Belief vs. Behavior

When it comes to Christians, most will probably say I shouldn't have an opinion, because I am not one.

But I do have eyes and ears and other senses, and I am entitled to reflect on my observations.

I have observed that there are different kinds of Christians in practice.

One kind is the "do as Jesus did" kind. They try hard to adhere to the teachings of Jesus, and pretty much pick and choose their Old Testament behaviors. For example, Jesus would have kept kosher. Most Christians don't.

Another kind is the "what would Jesus do?" kind. These people are similar to the above, but they accept that they are pond scum in comparison to Jesus and can never hope to be as awesome as him. So they kind of do what they want and loosely consider in the back of their minds what Jesus would have done in this situation.

Then there is the "accept Jesus into your heart" kind. These are the ones who think that as long as you accept Jesus into your heart, you'll go to heaven, and what you do here on earth is pretty much irrelevant. It's kind of like "accept Jesus into your living room" but keep the skeletons in the closet so he doesn't see them.

Then there is my favorite kind of Christian, the "good samaritan." These people see Jesus as a teacher and they try to learn from him (or what we can know about him from the very biased New Testament). They don't try to be him or do what he would do, and they don't so much accept Jesus himself as accept his message. They go around being really good to others and trying to make the world a better place to live.

I think this latter group, with a little bit of insight, could make the leap to realizing that the Kingdom of God is right here at our fingertips. There is no actual heaven. We have to make it, right here on earth. And after we are dead, our eternal life is defined by all the good things we did. Or bad things.

For example, Martin Luther King lives on in people's minds, hearts, and even deeds.

Adolf Hitler also lives on, despised, hated, and "eternally damned" by almost everyone (except White Supremacists, who I think we can all agree live in their own self-loathing hell on earth...we might say they are the minions of Satan, demonic, evil, destructive, and hateful).


Biblical Publication Bias

I started the second of two books about the Bible that my parents sent me. This one is called "Lost Christianities" by Bart Ehrman. In it, the author explores early Christian writings and how it was that the current 27 books of the New Testament came to be the chosen scriptural canon, while hundreds of other Christian documents were labeled heresies, and either banned, destroyed, or forgotten.

Set aside whether the books of the NT are inspired or inerrant, and you still have the fact that powerful HUMAN individuals in the church chose which writings were to become the NT canon.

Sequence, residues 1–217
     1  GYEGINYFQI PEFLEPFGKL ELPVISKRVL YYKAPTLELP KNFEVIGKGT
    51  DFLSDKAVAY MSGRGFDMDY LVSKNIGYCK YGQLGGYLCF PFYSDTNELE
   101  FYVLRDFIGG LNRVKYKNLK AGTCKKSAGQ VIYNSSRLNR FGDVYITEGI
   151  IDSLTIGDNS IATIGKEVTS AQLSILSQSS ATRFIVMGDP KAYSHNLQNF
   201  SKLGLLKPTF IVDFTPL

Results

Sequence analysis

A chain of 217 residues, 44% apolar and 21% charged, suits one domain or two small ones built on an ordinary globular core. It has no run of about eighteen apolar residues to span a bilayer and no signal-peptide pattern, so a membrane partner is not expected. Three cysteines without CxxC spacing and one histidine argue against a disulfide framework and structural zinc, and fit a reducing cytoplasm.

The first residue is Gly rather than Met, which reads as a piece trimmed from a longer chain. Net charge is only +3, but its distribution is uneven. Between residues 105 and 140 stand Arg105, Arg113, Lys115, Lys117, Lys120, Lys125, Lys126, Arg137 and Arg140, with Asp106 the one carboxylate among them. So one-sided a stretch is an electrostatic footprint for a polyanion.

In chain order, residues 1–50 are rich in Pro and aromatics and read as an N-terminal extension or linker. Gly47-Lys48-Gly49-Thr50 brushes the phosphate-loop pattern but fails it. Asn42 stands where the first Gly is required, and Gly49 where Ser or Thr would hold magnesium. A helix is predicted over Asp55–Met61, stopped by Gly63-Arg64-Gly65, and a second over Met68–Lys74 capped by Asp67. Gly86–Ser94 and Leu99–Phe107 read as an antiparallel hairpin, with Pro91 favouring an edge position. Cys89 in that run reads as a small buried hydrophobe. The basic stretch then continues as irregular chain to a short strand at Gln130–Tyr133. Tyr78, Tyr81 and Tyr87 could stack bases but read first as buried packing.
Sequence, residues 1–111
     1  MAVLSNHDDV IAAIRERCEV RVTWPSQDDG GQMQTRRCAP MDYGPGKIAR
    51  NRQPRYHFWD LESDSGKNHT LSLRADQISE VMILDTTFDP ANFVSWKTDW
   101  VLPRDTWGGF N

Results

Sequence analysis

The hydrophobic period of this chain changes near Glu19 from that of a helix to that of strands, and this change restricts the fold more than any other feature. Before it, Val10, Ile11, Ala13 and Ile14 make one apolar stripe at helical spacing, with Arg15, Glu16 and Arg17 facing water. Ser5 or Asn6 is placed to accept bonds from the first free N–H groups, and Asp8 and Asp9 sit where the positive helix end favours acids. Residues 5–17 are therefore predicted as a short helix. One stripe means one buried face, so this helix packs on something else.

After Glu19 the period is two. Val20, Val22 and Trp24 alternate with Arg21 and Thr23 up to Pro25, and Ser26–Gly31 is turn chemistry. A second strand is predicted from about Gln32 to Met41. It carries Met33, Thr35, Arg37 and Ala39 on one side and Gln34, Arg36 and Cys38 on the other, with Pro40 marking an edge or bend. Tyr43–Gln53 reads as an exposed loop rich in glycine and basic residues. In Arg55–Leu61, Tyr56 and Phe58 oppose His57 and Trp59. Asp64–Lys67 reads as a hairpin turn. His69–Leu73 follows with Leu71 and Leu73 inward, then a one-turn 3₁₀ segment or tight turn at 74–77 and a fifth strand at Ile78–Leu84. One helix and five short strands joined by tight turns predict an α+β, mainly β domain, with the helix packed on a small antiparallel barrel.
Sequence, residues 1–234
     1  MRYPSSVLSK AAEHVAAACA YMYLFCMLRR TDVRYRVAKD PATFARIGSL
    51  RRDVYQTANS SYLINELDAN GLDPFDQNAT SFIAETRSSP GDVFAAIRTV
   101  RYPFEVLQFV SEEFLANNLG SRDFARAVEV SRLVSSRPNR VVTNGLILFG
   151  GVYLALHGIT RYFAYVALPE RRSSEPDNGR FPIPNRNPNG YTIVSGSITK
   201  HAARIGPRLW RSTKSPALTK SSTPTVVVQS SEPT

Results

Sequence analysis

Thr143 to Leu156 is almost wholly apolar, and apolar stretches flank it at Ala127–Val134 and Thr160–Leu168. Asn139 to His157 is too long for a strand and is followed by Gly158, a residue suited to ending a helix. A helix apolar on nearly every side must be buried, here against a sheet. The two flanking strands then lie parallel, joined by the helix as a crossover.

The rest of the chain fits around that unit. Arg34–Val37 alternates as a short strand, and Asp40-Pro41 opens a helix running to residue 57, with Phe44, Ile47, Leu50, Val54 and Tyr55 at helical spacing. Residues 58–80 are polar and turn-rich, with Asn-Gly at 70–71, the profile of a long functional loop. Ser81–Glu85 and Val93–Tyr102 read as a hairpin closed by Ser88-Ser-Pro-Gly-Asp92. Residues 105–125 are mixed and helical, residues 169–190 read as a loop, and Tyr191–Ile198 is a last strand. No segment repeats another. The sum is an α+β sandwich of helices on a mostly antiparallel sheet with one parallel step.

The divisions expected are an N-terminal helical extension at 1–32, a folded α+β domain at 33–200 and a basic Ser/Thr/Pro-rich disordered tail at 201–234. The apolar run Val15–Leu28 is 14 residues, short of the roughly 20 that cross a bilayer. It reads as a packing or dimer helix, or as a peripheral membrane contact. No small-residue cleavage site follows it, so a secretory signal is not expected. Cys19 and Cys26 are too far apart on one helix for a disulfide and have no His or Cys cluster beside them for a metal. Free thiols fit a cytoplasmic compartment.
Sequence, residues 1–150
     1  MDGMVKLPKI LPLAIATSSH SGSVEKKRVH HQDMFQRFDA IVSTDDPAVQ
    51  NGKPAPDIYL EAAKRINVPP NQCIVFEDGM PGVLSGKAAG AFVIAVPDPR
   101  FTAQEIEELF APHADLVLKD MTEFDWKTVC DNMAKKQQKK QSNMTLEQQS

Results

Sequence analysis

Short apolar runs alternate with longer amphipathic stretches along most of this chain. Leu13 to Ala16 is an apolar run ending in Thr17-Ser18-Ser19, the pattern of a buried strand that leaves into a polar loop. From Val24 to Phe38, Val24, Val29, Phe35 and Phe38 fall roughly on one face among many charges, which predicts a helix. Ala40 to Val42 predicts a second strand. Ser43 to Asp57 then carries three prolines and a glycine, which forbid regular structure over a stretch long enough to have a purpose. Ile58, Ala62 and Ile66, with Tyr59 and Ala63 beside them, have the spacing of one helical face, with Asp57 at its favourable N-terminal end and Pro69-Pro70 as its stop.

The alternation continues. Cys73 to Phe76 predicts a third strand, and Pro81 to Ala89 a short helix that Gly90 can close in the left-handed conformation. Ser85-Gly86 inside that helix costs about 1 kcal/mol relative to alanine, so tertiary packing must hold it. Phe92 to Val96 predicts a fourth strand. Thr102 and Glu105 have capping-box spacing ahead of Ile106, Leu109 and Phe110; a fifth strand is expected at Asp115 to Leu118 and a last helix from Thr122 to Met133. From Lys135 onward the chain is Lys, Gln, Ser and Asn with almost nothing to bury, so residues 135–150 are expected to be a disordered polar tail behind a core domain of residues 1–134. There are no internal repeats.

How did they decide? On what authority?

In science, this is called "publication bias." Usually it is driven by stakeholders with a vested interest in the truth not getting out. Many political players are involved. Sometimes scientists themselves do it. They often are funded by powerful stakeholders and if they publish unfavorable papers, their funding can dwindle.

When I worked at the vitamin company, my corporate overlords were explicit that we would publish no papers or articles that reflected negatively on the products. It makes sense from a profitability standpoint, but it is anathema to scientific truth and ethical behavior. For example, doctors need to know the benefits of drugs and vitamins to their patients, but also the risks.

So, are we to believe the leaders of the early church had no stake in what books were selected to be in the NT for all eternity? Clearly they did. If so, were they able to ethically and objectively decide what to make canonical and what not to?

That is what this book is about - all the many Christian writings that were available and why some lived on and others disappeared.

It is interesting that only in the past 200 years or so have all the other Christian writings started to be discovered, re-discovered, and examined.

Is it possible that God now thinks people are ready and open minded enough to contemplate and appreciate the views of the early, formerly "heretical" Christians?

Heresy literally means "choice." The wrong one, in the opinion of followers of the current canonical dogma. But perhaps God has decided that humans are once again worthy of free will and choice. It's a test.

Or is this the heretical work of the Devil?

I always like to think knowledge, not ignorance (publication bias is essentially ignoring work that does not agree with your views), is what God wants for humanity. Otherwise, is She a God worth having? And yes, many early Christian writings viewed God as a female deity.

You tell me, by commenting below.